Ten years ago, the BP “Deepwater Horizon” rig exploded in the Gulf of Mexico, killing 11 workers and setting off the worst oil spill in U.S. history. More than 200 million gallons of oil gushed into the Gulf unchecked, while BP and its contractors failed to stop the spill for 87 days.
Unfortunately, few if any lessons were learned from this unprecedented tragedy, and offshore drilling is no safer today than it was a decade ago. President TrumpDonald TrumpSix big off-year elections you might be missing Twitter suspends GOP Rep. Banks for misgendering trans health official Meghan McCain to Trump: 'Thanks for the publicity' MORE has rolled back key safety protections put in place to prevent another Deepwater Horizon-scale catastrophe while proposing to radically expand the footprint of offshore drilling at the same time. With more drilling and less safety, the president’s plans are a recipe for disaster.
During the crisis, while oil spilled uncontrollably, President Obama created an independent, nonpartisan National Commission on the BP Deepwater Horizon Oil Spill and Offshore Drilling. They were charged with providing the nation with an impartial analysis, determining the causes and recommending reforms to make offshore drilling safer. After extensive investigation, ultimately, the commission called for “sweeping reforms” by the oil and gas industry that would amount to a “fundamental transformation of its safety culture” and “internal reinvention.”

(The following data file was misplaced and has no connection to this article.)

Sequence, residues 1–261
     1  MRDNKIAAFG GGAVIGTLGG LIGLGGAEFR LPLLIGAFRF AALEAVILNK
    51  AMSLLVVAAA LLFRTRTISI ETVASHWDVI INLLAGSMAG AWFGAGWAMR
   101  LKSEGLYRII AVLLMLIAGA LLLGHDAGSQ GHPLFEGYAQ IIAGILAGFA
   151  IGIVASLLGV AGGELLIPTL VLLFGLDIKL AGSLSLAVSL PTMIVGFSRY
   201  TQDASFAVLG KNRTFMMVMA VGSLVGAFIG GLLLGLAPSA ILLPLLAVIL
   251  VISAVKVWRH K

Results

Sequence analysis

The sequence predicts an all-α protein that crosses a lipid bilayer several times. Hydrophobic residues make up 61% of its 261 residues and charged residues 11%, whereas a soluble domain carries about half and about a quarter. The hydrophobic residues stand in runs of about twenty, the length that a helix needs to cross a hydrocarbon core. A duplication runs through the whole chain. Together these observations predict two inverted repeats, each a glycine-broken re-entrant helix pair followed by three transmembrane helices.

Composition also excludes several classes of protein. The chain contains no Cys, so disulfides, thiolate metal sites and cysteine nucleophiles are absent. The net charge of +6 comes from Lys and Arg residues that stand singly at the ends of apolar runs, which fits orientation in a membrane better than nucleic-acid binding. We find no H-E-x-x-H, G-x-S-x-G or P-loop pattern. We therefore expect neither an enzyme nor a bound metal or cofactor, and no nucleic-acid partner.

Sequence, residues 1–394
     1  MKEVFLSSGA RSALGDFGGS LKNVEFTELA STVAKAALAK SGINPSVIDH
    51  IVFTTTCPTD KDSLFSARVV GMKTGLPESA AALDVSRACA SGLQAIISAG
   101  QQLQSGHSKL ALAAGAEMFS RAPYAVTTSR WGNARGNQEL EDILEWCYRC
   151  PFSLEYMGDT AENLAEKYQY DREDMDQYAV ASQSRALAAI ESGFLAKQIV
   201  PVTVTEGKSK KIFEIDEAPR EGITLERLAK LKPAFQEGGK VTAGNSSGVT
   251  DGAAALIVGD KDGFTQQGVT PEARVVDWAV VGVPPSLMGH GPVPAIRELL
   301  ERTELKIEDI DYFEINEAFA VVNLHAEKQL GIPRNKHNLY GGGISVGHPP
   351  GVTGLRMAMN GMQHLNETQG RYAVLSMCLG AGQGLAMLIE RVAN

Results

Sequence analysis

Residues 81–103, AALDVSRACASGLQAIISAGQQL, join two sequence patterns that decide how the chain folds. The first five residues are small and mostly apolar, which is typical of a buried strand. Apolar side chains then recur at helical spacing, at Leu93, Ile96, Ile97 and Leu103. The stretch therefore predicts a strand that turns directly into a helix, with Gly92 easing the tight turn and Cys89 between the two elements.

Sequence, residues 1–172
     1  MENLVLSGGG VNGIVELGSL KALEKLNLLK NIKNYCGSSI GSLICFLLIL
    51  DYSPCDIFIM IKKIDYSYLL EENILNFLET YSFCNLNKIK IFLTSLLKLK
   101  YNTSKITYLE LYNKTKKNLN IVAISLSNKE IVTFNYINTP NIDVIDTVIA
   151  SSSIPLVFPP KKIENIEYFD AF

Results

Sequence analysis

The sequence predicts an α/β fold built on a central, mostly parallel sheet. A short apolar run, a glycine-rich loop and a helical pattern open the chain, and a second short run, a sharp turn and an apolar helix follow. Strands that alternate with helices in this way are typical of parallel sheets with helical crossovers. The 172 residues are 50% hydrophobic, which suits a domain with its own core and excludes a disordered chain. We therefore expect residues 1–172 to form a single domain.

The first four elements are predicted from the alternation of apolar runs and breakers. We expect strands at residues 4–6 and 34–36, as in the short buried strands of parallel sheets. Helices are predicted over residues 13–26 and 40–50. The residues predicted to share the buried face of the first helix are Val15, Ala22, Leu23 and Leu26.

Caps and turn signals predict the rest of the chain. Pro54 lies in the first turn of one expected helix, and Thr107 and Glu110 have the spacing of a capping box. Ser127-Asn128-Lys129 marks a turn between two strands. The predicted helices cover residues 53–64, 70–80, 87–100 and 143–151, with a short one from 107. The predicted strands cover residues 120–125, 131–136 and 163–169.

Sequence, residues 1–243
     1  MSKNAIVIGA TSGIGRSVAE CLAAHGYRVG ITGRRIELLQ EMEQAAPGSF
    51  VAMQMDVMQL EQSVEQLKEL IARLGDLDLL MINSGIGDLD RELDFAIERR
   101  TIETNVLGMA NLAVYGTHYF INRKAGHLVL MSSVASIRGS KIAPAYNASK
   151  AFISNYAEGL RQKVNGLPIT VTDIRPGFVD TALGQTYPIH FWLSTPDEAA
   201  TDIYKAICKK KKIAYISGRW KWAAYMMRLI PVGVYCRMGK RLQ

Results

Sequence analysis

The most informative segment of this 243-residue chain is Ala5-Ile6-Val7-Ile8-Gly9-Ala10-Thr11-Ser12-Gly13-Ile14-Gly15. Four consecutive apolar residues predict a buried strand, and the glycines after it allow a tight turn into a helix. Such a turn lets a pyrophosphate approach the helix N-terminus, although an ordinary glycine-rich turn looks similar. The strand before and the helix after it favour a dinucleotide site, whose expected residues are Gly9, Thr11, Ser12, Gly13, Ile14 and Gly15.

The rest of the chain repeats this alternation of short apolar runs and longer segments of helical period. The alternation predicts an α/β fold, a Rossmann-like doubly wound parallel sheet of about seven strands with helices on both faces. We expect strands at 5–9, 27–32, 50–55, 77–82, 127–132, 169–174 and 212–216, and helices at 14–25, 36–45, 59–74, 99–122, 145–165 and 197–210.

Today, the industry, as a whole, has not embraced independent oversight or adequately improved its safety culture. Instead, the industry continues to advocate for regulatory rollbacks — which the president has championed — while claiming publicly; it holds safety as a top priority.
Considering the dire consequences of drilling disasters, rigorous, independent oversight should be a minimum prerequisite of doing business. Looking back, while BP was required to formulate a plan for precisely how it would handle an oil spill, the amount of effort involved appeared to rely on copying and pasting abilities. For example, BP’s response plan for Deepwater Horizon named a wildlife expert that died several years before submission of its plan and included mentions of seals and walruses – animals never found in the Gulf of Mexico. Any serious review of this plan should have caught BP’s embarrassing mistakes and revealed that in no way was the company prepared to manage a well blowout, like occurred on April 20, 2010.
Blowouts are a known risk associated with offshore drilling and “blowout preventers” are considered the last line of defense against a catastrophic spill. This is the device that failed to prevent the BP Deepwater Horizon blowout and today, the devices remain unreliable and are still not tested under extreme, real-world conditions. In response to the disaster, the Obama administration increased the rigor of testing and government oversight of these safety devices. Still, the Trump administration has drastically undercut these improvements by reducing testing and government review of results. The Trump administration cited that their suite of safety rollbacks will save the offshore industry about $824 million over 10 years. Focusing on industry cost-savings entirely disregards the safety and environmental benefits that the safeguards were intended to provide.